AAPM speaker tackles topic of healthcare reform

HOUSTON - Physics-based technology has had an undeniably positive effect on medical diagnosis and treatment, but that same technology is overused and its expense is contributing to America's exorbitant healthcare costs, according to the opening address at the American Association of Physicists in Medicine (AAPM) annual meeting.

Hundreds of billions of dollars are spent on high-tech medical imaging and therapy, contributing a slice of the $2.5 trillion spent on healthcare in the U.S., said Dr. Arnold Relman from Harvard Medical School in Boston, the former editor of the New England Journal of Medicine. That cost is bankrupting the system and reform is badly needed, he added.

Relman outlined what he sees as the reasons behind technology overutilization: profits for those who invent, manufacture, sell, prescribe, and supervise technology; little or no analysis of technology's cost-effectiveness or routine comparisons with less expensive technologies; popular demand for new technology; and insurers willing to reimburse for most technology once it is approved by the U.S. Food and Drug Administration (FDA).

He told the AAPM audience that the most expensive physics-based technology, proton beam therapy, is commonly used as a treatment for some conditions such as prostate cancer when other less expensive therapies are just as effective.

Don't believe the U.S. healthcare system is in free fall and needs overhauling?

"Then talk to the 'green-shaded' economists at the Congressional Budget Office" and other economists who are predicting a collapse of the healthcare system, Relman said. He has observed the nation's healthcare system as a physician, a researcher, a teacher, and an administrator. In his book, A Second Opinion: Rescuing America's Health Care (Public Affairs, 2007), he uncovers what he believes are the roots of the current crisis and offers some strategies for reform.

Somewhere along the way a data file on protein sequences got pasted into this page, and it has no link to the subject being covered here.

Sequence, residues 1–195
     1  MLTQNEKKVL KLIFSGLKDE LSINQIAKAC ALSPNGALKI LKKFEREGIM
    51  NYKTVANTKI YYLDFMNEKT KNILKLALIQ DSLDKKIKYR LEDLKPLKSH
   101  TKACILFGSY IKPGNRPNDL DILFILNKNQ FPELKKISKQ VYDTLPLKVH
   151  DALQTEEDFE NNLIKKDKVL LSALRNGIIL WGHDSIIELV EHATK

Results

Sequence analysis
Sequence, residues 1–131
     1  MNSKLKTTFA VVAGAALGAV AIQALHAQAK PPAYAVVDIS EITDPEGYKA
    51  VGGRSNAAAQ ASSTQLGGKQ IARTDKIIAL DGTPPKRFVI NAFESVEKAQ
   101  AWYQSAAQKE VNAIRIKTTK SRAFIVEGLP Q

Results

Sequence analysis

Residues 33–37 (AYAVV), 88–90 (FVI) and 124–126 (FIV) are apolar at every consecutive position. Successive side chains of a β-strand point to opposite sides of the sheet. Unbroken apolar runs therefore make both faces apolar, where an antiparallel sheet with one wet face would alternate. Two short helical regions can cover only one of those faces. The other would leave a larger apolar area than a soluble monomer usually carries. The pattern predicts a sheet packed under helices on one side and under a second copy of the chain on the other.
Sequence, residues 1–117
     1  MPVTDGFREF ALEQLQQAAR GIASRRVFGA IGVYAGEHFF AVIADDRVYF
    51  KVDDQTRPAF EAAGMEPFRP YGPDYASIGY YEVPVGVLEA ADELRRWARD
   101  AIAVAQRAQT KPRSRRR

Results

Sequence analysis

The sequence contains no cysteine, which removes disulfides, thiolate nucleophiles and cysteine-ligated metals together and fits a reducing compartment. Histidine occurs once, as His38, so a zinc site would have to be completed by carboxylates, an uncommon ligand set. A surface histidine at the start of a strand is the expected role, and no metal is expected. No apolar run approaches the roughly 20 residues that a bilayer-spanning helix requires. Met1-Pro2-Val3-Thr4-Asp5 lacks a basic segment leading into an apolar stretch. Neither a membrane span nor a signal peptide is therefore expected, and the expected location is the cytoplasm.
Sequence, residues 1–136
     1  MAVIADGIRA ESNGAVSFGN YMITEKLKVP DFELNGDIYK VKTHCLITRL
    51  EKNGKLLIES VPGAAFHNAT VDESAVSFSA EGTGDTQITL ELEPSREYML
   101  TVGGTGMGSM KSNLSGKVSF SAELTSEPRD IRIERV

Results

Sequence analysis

The medical community should enact reforms that ensure the continued introduction and availability of worthwhile new technology, while curtailing procedures that cannot be justified. Diagnostic and surgical procedures should not be left solely to physician discretion; the FDA should take a more active role in regulating the adoption and use of diagnostic and surgical procedures, Relman said.

Views similar to Relman's are being voiced much more often as the U.S. nears a change in the White House, amid growing calls for a change in priorities and policies. But neither Sen. Barack Obama nor Sen. John McCain is addressing the healthcare situation in a meaningful way in their presidential campaigns, according to Relman.

"Both say they want to achieve near universal healthcare coverage, either government-aided versus market-focused," but neither plan indicates a method for controlling costs, Relman said.

AAPM President Gerald White Jr., a medical physicist in practice in Colorado Springs, CO, said someone recently asked him: "Do you consider yourself a scientist or a healer?"

"I had to think about that for a while," White said, and then he came to the conclusion that he was some of both.

White acknowledged that the topic of Relman's address may have caused attendees some "dissonance," but he hoped it also lead to some "cognizance" and that AAPM members continue the discussion about technology and the future of healthcare with their colleagues.

By Kathlyn Stone
AuntMinnie.com contributing writer
July 29, 2008

Related Reading

AHIP report touts RBMs to control imaging costs, July 29, 2008

GAO report on overutilization draws industry ire, July 15, 2008

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